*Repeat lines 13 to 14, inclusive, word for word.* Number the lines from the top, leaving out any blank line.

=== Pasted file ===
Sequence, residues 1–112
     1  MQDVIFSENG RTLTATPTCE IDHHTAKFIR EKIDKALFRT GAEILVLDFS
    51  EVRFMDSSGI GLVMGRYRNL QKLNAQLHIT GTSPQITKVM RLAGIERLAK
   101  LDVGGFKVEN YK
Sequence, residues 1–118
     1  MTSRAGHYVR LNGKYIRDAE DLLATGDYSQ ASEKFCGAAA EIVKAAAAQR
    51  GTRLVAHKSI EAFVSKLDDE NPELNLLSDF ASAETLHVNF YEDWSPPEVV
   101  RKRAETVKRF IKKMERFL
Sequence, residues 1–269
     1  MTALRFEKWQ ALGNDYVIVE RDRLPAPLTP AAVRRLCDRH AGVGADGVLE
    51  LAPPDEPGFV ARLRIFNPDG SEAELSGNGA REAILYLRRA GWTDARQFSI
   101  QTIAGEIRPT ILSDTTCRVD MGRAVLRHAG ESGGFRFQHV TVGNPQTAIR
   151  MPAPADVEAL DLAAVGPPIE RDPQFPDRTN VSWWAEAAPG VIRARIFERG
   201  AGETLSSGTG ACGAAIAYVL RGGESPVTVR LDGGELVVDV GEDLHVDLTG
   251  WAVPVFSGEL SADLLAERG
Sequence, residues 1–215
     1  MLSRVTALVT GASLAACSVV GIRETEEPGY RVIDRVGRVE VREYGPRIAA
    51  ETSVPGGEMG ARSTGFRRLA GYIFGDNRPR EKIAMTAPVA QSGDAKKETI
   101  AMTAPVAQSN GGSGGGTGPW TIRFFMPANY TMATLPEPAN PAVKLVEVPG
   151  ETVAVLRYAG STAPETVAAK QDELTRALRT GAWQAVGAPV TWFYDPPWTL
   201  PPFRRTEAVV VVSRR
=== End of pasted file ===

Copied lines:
   151  MPAPADVEAL DLAAVGPPIE RDPQFPDRTN VSWWAEAAPG VIRARIFERG
   201  AGETLSSGTG ACGAAIAYVL RGGESPVTVR LDGGELVVDV GEDLHVDLTG